I’m constantly in a state of feeling so shocked and guilty about the fact that this is the state of so much of the world and yet, for some reason I wound up over here with ridiculous privileges. As a kid, I truly thought I had it hard. I was always sad and never knew why. I got made fun of a few times in school for the way I looked. But in reality, these things don’t matter at all and they’re so silly compared to kids who endured that and ALSO the stress/fear of war, poverty, racism, and murder. Some kids had to study for tests (if they were lucky enough to go to school) with the sound of bullets going off in the distance. Having to carry on after witnessing one or both parents murdered. Once you start to dig, you realize how widespread this is. This is the real life of millions of children.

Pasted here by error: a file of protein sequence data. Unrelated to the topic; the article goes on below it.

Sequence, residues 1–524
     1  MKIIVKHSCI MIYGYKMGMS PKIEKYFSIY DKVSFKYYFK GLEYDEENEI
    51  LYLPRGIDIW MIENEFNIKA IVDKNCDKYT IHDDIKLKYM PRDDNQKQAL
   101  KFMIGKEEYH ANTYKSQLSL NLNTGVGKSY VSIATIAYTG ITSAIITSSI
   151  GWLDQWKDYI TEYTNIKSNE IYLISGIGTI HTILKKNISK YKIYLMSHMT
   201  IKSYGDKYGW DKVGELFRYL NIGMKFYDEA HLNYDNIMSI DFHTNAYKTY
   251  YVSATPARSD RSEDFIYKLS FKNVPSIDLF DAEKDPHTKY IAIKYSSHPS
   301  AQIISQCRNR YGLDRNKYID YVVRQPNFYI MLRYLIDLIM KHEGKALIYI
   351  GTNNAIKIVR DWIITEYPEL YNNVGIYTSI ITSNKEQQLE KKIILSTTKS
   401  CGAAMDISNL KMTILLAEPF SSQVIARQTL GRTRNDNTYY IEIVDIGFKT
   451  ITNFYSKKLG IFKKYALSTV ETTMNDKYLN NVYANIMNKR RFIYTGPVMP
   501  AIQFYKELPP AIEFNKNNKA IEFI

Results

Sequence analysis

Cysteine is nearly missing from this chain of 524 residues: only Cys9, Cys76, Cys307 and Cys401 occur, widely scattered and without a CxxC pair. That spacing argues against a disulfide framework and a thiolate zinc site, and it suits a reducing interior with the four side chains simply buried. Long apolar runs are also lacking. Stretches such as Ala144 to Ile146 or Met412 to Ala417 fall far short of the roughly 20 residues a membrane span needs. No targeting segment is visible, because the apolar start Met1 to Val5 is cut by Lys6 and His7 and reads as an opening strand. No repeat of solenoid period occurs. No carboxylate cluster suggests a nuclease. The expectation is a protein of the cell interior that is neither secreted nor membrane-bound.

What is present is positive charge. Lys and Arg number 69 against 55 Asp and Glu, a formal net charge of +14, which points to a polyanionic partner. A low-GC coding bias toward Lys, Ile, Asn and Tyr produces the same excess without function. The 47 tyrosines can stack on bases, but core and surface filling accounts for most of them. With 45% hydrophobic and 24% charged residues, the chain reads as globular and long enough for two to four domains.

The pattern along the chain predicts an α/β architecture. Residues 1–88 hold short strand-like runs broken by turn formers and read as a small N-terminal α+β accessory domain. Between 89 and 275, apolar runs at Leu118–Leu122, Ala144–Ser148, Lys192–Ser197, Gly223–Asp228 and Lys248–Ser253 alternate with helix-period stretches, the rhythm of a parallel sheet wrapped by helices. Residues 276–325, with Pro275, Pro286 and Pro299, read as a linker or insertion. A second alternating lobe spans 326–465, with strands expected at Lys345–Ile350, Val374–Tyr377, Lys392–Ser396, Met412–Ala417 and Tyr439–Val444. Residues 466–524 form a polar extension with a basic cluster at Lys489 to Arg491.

#Repost @natgeo with @get_repost
Photo by @nicholesobecki | Nearly four years ago, I met this Eritrean family as they carried their belongings through Adi-Harush Camp, Ethiopia, in the midst of a light rain. They’d left behind one of the world’s fastest-emptying nations: a country of about 4.5 million, governed by a dictatorship, that has played an outsize role in the migration crisis. At the time, the cold war between Ethiopia and Eritrea seemed intractable, a tense stalemate that had endured since 2000. With the arrival of peace last year, I’ve been thinking a lot about this family, and the many others who fled their homes, and what this new opening means for them. #ethiopia #eritrea #migration #peace #nicholesobecki